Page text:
Here's a breakdown of what can happen during birth
Everyone’s experience of giving birth is different, and it’s impossible to predict exactly what to expect. Allowing for unpredictability and informing yourself about possible outcomes can go a long way toward setting realistic expectations and reducing anxiety. Which can help make your birth experience a positive one.
So what happens during the birthing process and what are the different types of delivery? From C-section and vaginal birth, our simple descriptions and tips can help prepare you for your baby’s delivery day.
The two main types of delivery
Most babies are born vaginally, with or without some level of medical intervention such as pain relief, induction, forceps or vacuum extraction (also known as ventouse). Around 32% of babies in Australia - are born by caesarean section, a surgical procedure commonly known as a c-section, or a caesar.
How your baby is delivered can depend on lots of factors, such as mum’s health and weight, baby’s health and weight, baby’s position in the womb or birth canal, and complications that might happen during labour.
You might have a strong preference for how your baby comes into the world. Keeping an open mind might help you deal better with any necessary changes on delivery day. The most important thing is that mum and baby are kept safe and well.
Vaginal births involve the baby being born through the birth canal. How much pain relief or other interventions you have will depend on your birth plan and choices, your needs and your healthcare professionals recommendations. A good thing to know about a vaginal birth - Your baby will be exposed to a number of beneficial bacteria through the birth canal, helping to kickstart their own immune system and support a healthy gut flora.
Birth centre or low-intervention hospital births only tend to be recommended for straightforward pregnancies and labours, where limited or no pain relief or intervention is required.
If your labour is delayed, progresses slowly, is painful or develops complications, you might need more help delivering your baby. This could include:
- Having your labour induced (where contractions are triggered and/or boosted) for example with a membrane sweep or hormones,
- Having pain relief such as an epidural anaesthetic (an injection that delivers pain relief into your spine), or
- Having an assisted vaginal delivery through the use of forceps (metal spoon-shaped instruments) or vacuum extraction to help get the baby out of the birth canal. If forceps or vacuum extraction is needed, you’ll probably also need an episiotomy—a surgical cut to make the vaginal opening bigger - which will be stitched up after the birth.
As your labour progresses your doctors and/or midwives will speak to you about what interventions might be required.
C-section or caesarean section delivery
Caesarean births may be planned to take place before you go into labour (also called elective c-sections) or unplanned (sometimes known as emergency c-sections).
Your healthcare professional may decide that an elective c-section is the safest way to deliver your baby, for example if:
- You are carrying multiple babies,
- You or your baby has an underlying health condition,
- You have a low-lying placenta, or
- Baby is in the breech position (feet rather than headfirst) toward the end of your pregnancy.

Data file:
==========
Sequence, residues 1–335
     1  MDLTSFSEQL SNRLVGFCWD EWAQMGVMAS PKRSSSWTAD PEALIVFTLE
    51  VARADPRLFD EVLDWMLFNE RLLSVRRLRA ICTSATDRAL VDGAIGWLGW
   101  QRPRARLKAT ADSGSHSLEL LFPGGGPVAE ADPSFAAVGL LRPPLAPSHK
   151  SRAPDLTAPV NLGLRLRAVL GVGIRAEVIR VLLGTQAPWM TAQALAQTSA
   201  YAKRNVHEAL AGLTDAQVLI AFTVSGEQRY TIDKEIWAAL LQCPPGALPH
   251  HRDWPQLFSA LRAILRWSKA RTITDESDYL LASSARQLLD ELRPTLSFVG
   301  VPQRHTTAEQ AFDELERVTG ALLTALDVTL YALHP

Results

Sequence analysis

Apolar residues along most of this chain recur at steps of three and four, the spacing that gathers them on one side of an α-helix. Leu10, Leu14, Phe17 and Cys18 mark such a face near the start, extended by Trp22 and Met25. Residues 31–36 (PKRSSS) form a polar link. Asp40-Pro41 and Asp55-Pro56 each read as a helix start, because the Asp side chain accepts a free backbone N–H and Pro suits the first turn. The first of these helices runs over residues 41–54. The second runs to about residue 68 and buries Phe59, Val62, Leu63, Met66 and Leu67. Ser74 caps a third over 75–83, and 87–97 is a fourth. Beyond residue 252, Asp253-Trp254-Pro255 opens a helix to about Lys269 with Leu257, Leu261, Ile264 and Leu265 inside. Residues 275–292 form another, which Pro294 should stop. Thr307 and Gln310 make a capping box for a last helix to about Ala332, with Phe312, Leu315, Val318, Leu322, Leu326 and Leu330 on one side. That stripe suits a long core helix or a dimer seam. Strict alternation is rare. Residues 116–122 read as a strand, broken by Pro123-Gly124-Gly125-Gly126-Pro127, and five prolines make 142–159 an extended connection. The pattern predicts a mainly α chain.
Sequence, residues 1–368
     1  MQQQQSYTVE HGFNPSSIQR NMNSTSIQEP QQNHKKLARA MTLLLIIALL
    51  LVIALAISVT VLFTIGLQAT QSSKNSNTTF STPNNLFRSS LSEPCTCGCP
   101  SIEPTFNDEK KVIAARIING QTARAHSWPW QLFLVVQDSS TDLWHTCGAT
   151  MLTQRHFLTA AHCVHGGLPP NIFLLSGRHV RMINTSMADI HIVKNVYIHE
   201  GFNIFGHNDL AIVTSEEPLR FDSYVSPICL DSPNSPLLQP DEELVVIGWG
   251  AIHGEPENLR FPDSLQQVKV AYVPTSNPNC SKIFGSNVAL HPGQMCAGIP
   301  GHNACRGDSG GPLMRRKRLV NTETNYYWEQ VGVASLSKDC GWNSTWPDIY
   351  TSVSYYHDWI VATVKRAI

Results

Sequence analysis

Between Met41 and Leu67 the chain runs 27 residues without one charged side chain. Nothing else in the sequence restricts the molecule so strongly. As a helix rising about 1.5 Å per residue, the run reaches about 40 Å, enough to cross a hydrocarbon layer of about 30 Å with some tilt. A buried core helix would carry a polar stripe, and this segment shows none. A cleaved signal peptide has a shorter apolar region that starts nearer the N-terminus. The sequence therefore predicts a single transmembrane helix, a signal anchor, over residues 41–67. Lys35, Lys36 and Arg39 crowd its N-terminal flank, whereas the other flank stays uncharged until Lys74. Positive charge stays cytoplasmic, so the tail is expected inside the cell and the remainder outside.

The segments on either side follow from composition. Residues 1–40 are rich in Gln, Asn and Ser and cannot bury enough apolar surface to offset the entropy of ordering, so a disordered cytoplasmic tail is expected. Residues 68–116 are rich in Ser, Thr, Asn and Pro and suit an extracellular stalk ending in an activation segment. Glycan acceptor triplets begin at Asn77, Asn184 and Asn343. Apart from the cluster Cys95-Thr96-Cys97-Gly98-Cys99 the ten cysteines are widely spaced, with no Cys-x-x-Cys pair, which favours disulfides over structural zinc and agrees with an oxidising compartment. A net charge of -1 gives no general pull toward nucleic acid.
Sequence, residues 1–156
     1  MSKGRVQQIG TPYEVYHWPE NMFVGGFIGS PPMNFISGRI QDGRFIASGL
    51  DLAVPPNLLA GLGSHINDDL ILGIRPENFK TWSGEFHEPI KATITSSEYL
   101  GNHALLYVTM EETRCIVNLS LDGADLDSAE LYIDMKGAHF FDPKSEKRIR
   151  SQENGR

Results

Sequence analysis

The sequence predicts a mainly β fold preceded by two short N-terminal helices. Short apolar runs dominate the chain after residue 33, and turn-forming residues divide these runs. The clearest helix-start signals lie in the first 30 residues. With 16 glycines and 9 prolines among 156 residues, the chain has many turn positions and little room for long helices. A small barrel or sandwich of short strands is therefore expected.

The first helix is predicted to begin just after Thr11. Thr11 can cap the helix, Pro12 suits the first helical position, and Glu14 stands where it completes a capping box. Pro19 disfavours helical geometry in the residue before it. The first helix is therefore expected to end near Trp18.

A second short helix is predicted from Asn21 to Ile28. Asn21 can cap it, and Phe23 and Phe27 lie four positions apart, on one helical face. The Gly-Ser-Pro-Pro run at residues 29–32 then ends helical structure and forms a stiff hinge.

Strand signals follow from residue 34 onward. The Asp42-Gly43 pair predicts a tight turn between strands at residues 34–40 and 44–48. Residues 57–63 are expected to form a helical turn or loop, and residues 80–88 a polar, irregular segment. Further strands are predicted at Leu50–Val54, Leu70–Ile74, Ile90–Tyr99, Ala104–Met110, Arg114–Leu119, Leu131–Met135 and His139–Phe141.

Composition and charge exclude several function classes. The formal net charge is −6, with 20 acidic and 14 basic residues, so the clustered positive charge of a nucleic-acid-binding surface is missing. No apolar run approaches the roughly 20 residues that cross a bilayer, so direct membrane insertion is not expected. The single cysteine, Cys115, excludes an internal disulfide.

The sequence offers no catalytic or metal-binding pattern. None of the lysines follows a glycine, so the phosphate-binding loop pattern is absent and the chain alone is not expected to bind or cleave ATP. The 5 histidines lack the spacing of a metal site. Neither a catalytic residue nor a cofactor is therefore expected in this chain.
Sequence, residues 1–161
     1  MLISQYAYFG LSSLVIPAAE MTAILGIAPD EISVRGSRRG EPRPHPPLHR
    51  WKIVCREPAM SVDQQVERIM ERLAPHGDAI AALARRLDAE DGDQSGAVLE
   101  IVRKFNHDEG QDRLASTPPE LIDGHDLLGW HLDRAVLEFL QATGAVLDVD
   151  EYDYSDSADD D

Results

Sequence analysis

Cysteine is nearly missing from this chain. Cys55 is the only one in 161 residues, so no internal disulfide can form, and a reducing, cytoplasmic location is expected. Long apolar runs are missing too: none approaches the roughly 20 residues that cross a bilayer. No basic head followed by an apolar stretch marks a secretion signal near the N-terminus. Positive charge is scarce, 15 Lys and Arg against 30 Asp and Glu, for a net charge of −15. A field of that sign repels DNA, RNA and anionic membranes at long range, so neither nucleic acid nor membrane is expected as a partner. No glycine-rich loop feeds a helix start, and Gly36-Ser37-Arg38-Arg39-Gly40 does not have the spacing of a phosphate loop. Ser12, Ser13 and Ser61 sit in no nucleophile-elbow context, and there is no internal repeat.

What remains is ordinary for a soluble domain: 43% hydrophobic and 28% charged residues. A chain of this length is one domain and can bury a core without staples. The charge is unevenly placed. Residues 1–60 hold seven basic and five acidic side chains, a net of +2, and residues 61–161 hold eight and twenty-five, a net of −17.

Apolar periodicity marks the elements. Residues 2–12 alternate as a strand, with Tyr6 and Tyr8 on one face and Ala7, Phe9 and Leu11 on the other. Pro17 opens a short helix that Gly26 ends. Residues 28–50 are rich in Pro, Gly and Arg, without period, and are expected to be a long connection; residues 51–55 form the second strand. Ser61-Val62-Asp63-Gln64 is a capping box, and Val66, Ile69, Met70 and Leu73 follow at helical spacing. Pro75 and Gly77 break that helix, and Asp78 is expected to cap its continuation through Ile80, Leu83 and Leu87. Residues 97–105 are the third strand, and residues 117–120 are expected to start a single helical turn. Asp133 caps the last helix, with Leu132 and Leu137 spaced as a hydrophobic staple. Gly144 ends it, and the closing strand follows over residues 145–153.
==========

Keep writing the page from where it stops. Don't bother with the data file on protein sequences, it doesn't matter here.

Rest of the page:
You might need an emergency c-section if:
- Your labour is progressing slowly,
- You’ve been induced but have not gone into labour
- There are concerns about you or your baby that happen during labour
Most planned caesareans happen with a spinal anesthetic, meaning you will be awake and won’t be able to feel much from the waist down and an epidural is more likely to be used for an emergency c-section. A screen can be put up so you can’t see the operation, an incision is made across your lower tummy and your baby is pulled out of your womb. If you’re anxious about having a scheduled or unplanned caesarean section start by working with your healthcare professional and get tips from other mums.
Want to know more about c-sections? Check out c-sections: what to consider.
Get your body ready for giving birth to a baby with a healthy diet and lifestyle
The best thing you can do to help prepare for what happens during birth is to continue looking after your own health and baby’s as part of your birth plan. Follow a well-balanced, nutrient-rich diet, and talk to your healthcare professional about taking a pre-natal supplement to meet your baby’s and your body’s needs, and stay active. Doing this will help keep your weight and baby’s birth weight on track, plus keep you fit for the demands of childbirth and recovering from delivery.
Keep an eye on your iron levels - Your baby will rely on your iron levels throughout pregnancy. It is particularly important at the time they are born, because they rely on the store of iron from the umbilical cord blood for approximately 6 months, until the time they start solid foods that are rich in iron.
If you’re planning a vaginal birth, think about what meals and snacks you may want to eat in the earlier stages of labour to keep your energy levels up at home and in hospital (if your healthcare professional supports it). It’s best to avoid large meals and high-fat foods that are more likely to make you feel nauseous and think instead of eating little and often - things like wholegrain pasta or toast, vegetables, nuts, and seeds are good options.
Last but not least, don’t forget to make your mental wellbeing a priority - as well as getting as much sleep and rest as you can. You might find things like meditation, pregnancy massages, prenatal yoga or pilates can help get your mind and body relaxed and ready for giving birth.